Rural Arts in Thirsk has been running taster workshops and I’ve done some three hour collagraph sessions and am about to run a two-day collagraph workshop on consecutive Fridays (16th & 23rd November). I also did a monotype class for the Leven Art Society and a linocut workshop at ArtisOn. After my linocut Christmas card workshop at ArtisOn in December it quietens down a bit and I’ll have more headspace for my own work. I enjoy teaching and it really keeps me on my toes and pushes my professional practise but it also takes up a lot of time and energy so it is important that I get the balance right and give myself enough time to work on my printmaking.

Winter exhibitions include group shows at Cambridge Contemporary Art, The Waterstreet Gallery in Todmorden, The Lime Gallery in Settle, Will’s Art Warehouse in Putney and I’ll be taking part in a two week show at RHS Garden Harlow Carr from 27th November to 9th December. Phew!

I was very pleased to be one of the fourteen printmakers selected for the West Yorkshire Printmakers ‘Flourish Printmaker of the Year’ award and had two of my prints on show at the exhibition in Mirfield. Sara Clarke won the award and there were three commended artists: Moira McTague, June Russell and Dan Booth. It was good to attend the preview and ceremony and meet up with other printmakers. This is one of my selected prints which was created during my Extending Practise Award last year. Chrysalis Arts funded me to be mentored by Jane Sellars, Curator of the Mercer Gallery in Harrogate, whilst I created prints inspired by the Vale of York Viking Treasure Horde. These went on display at the Mercer Gallery alongside the treasure.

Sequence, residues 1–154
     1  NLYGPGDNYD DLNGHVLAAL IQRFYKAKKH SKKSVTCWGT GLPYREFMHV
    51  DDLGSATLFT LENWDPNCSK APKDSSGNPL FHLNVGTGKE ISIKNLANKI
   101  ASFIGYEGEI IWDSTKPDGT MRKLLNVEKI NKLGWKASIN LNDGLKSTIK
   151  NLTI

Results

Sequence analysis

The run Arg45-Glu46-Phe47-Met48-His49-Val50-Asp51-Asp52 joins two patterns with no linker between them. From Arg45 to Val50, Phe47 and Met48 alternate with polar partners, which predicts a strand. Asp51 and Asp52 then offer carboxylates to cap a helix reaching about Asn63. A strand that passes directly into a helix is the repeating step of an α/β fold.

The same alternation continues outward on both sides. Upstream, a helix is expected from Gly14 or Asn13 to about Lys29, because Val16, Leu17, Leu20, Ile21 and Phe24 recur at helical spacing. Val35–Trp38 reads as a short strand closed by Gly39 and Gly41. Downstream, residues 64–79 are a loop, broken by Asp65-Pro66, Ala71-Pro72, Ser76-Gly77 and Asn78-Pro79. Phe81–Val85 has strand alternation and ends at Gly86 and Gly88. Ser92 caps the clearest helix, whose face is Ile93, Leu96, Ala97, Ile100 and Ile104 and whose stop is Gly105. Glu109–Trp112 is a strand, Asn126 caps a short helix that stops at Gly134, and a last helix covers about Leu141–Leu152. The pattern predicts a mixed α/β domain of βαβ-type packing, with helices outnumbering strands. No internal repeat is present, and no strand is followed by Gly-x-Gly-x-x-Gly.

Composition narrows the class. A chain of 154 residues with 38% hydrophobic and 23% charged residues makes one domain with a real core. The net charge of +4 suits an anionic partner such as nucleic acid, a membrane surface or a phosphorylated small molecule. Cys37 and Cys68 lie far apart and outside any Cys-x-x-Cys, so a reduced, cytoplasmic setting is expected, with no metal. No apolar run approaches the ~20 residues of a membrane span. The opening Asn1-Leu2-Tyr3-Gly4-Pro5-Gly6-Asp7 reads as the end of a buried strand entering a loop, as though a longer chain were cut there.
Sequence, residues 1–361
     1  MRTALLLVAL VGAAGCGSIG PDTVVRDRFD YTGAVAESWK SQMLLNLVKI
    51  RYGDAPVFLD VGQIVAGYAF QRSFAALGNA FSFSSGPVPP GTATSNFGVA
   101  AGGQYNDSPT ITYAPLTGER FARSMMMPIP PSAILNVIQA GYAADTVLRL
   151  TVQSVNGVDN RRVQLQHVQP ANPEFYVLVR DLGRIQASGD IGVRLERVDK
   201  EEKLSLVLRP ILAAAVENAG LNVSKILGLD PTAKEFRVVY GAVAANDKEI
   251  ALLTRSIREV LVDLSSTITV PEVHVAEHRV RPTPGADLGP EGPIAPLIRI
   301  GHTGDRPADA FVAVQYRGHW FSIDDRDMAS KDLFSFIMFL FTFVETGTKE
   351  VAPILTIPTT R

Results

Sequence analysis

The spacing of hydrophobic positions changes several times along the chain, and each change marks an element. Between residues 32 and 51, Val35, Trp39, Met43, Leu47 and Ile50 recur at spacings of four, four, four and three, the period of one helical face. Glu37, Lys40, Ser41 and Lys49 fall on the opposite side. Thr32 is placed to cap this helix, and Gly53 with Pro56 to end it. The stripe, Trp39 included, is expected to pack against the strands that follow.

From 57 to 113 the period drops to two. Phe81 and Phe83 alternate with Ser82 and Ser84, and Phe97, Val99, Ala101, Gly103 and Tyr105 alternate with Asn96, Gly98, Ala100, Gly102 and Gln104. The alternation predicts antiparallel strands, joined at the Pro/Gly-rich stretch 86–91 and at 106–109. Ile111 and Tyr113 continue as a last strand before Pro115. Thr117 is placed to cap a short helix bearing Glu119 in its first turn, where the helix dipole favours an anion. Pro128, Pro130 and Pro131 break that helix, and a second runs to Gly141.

It’s always interesting to see what sells and so far I have had quite a lot of success with my most recent print ‘The Raspberry Thief’.

This was inspired by watching a whole family of blackbirds feeding in my back garden. The male and two fledglings were stealing raspberries whilst the female wrestled with a large slug!

My most recent print was created last week and is of a mountain hare. I have been asked by The Lime Gallery in Settle to make a couple new hare prints for their winter exhibition. They are such wonderful creatures and steeped in folklore and mythology. I often watch them in the fields near where I live and have taken many photos. I’ve always wanted to see a mountain hare in its winter coat but haven’t yet. Maybe one day! Instead I have made do with making a little collagraph of a snowy hare.

I’m now working on another hare print and will photograph the different stages for my next post.

I’m already planning various exhibitions for next year and have been invited to take part in a show called ‘Flight’ at the Craft Centre and Design Gallery in Leeds. It will start in March 2013 and will feature four of my prints and four each from Janis Goodman, Pam Grimmond and Mike Smith. I’m also taking part in a group exhibition called ‘Our Feathered Friends’ at Cambridge Contemporary Arts which is also in the spring.

On a final note, I’m delighted to be having an exhibition with glass artist, Jane Littlefield at Rural Arts in Thirsk. This will take place from 16th March to 31st May 2013 and we have chosen the title ‘Telling Tails’. We met last week to discuss the show and discovered that we are inspired by the same things: wildlife, the countryside and the myths and stories that are connected to both. We plan to show glass and prints featuring birds and animals with an illustrative twist. We will both be running workshops to coincide with the exhibition.